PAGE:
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So there it is, the unseen hand …

From the beginning, it has been tempting for those watching from the sidelines to paint the great struggle for the Phoenix Coyotes as a mano-a-mano battle between Jim Balsillie and Gary Bettman, or at least Balsillie versus the unified ruling powers of the NHL.

But the truth is, despite repeated assurances from the commissioner and his deputy that it wasn't the case, there has always been another force in play.

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The Toronto Maple Leafs speak softly (mostly not at all, at least for public consumption), but as the sport's wealthiest franchise, they carry a big stick.

They believe the NHL constitution grants them exclusive rights to their territory and are willing to fight a legal war to protect it, even if that means taking on the very league of which they are a member.

All of that is apparent in a lawyers' letter filed before the Phoenix bankruptcy court late Friday night, in which the Leafs make their position crystal clear.

The issue dates back to the fall of 2006, when the league told the Canadian Competition Bureau that a team could be relocated into the territory of an existing club through a simple majority vote of the governors.

In the letter filed Friday, the Leafs' legal representative, David E. Massengill of Simpson Thacher and Bartlett, begged to differ.

"The Toronto Maple Leafs do not agree that a relocation of another club into their home territory would be subject to a majority vote," Massengill writes. "They continue to believe that a unanimous vote would be required before a team could be relocated into their home territory."

In other words, the Leafs maintain that they retain veto power over any attempt to move a team into the geographic area described in the NHL's constitution, which in their case includes Hamilton.

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And if the league tried to force the issue …

"The Maple Leafs they (sic) reserve all rights to take whatever actions are necessary to protect their exclusive rights to their home territory."

In 2008, the Competition Bureau decided it saw nothing wrong with the way the NHL had rebuffed Balsillie, just as long as there wasn't a veto in play. If the test was a simple majority vote, the league wouldn't appear to be operating solely in the interest of preserving the monopoly rights enjoyed by a single franchise.

The letter from the Leafs' lawyers paints a rather different picture.

So there's the bind the commissioner has been in since the beginning of this drama, when he welcomed Balsillie with great fanfare as the new owner of the Pittsburgh Penguins, only to realize that that team might be bound for a place that it just couldn't go, at least not without setting off an embarrassing and financially crippling legal war that might well wind up with the whole concept of territorial rights declared null and void.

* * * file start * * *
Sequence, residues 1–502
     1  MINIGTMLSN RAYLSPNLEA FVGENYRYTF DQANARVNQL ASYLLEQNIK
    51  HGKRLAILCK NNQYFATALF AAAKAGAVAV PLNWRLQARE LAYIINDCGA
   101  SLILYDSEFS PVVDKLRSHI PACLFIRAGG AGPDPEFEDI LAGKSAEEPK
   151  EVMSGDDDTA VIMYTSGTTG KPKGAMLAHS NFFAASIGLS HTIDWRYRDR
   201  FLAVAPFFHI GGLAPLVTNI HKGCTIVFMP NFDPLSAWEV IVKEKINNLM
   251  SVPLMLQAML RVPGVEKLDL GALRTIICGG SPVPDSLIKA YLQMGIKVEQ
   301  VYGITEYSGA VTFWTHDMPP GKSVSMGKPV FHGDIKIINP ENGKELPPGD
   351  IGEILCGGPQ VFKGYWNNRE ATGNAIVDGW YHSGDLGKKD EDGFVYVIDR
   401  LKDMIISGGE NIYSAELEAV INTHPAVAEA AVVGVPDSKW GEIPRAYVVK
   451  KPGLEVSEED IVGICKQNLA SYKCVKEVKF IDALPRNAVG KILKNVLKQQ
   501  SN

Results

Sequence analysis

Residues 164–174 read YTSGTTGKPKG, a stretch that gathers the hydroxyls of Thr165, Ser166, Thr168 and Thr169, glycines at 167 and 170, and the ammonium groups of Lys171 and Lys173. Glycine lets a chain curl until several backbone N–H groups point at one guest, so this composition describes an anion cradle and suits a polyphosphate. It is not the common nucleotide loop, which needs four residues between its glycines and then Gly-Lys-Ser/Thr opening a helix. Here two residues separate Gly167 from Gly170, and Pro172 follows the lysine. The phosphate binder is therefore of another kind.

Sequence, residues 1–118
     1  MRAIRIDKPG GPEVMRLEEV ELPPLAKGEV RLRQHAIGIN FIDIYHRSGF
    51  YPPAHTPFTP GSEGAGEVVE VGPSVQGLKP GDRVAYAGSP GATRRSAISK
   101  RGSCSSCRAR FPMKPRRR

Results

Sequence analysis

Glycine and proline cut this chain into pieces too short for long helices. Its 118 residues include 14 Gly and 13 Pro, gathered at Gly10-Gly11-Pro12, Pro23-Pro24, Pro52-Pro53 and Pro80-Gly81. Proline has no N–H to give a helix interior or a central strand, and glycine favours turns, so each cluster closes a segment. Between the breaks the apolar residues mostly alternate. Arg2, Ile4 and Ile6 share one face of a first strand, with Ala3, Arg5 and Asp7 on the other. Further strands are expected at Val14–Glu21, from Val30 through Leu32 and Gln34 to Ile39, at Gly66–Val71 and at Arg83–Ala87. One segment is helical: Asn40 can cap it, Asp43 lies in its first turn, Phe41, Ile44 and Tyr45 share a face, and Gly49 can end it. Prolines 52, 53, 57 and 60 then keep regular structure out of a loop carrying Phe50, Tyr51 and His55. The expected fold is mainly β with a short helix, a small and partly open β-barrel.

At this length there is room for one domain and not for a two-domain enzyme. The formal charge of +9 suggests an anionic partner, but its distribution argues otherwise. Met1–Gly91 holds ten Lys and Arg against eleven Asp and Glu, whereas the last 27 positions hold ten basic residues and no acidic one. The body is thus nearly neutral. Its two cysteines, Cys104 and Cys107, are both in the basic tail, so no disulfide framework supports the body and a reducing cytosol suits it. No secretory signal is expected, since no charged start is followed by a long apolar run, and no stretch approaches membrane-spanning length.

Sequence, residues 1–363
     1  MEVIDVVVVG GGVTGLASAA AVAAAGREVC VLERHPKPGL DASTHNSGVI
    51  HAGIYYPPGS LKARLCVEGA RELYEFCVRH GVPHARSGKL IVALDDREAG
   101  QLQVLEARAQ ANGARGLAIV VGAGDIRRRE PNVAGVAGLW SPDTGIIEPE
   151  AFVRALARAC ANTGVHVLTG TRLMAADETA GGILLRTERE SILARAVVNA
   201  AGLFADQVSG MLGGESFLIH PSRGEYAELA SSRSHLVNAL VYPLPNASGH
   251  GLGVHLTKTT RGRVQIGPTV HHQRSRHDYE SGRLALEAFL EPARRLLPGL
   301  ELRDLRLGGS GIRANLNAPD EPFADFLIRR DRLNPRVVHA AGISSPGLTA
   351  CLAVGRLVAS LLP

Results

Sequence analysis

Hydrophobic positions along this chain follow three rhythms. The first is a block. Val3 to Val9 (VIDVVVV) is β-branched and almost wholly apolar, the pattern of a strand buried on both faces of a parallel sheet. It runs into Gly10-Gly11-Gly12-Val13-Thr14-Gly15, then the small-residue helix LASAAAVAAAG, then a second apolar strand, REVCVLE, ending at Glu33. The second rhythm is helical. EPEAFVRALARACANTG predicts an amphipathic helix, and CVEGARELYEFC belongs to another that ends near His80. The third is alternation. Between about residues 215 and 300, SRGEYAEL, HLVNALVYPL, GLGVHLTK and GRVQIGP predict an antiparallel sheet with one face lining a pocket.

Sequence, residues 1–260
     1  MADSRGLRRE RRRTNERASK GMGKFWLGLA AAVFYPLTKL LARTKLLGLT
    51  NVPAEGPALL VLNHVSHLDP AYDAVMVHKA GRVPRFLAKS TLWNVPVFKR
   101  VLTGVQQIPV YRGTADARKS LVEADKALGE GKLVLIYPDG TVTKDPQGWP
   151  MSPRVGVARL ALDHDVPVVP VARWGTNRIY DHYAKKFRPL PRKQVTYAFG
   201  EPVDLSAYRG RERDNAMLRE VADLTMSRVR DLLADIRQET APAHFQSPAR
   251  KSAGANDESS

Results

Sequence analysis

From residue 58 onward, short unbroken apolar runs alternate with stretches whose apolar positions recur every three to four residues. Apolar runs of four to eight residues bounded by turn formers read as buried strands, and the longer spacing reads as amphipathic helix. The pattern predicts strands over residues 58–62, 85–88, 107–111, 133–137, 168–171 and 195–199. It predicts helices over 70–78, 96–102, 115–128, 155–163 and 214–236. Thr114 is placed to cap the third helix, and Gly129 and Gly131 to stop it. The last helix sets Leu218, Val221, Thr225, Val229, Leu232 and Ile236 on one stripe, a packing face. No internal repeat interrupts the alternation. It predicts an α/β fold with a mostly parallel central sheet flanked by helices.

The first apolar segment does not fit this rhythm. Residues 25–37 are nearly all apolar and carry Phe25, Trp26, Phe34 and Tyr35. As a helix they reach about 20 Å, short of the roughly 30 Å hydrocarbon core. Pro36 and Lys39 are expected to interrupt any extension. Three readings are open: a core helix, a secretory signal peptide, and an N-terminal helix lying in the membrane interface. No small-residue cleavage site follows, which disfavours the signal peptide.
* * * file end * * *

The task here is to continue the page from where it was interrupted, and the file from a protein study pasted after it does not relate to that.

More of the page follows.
It would explain why the league has gone to such lengths to demonize Balsillie, painting him as unfit for NHL ownership. It would also fit right in with conspiracy theories dating back to at least the expansion derby of 1990, when a Hamilton bid underwritten by Tim Hortons mogul Ron Joyce was beaten out at the finish line by an Ottawa bid underwritten largely by thin air. All kinds of explanations were offered as to why the NHL walked away from an apparently sure thing, but the simplest is almost certainly the right one: The Leafs (and no doubt the Buffalo Sabres, who also make a territorial claim to Hamilton) simply said no.

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Then there's the story circulating in some circles now that if the NHL beats back Balsillie's challenge in Phoenix, the Coyotes are still bound for Southern Ontario in the end, because the league can't pass up such a lucrative market.

Think there's any price the Leafs would accept in return for what they believe is their unquestioned right? Think they would sacrifice exclusivity in the best hockey market in North America for, what, the greater good of hockey, Canada and their partners in the NHL? Think they would shy away from litigation?

Knowing Maple Leaf Sports and Entertainment, knowing what they believe their legal position to be, knowing how the company has thrived as the only game in town, ask yourself: Why would they shy away?

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About the Author
Sports columnist

Hamilton-born Stephen Brunt started at The Globe as an arts intern in 1982, after attending journalism school at the University of Western Ontario. He then worked in news, covering the 1984 election, and began to write for the sports section in 1985. His 1988 series on negligence and corruption in boxing won him the Michener award for public service journalism. More

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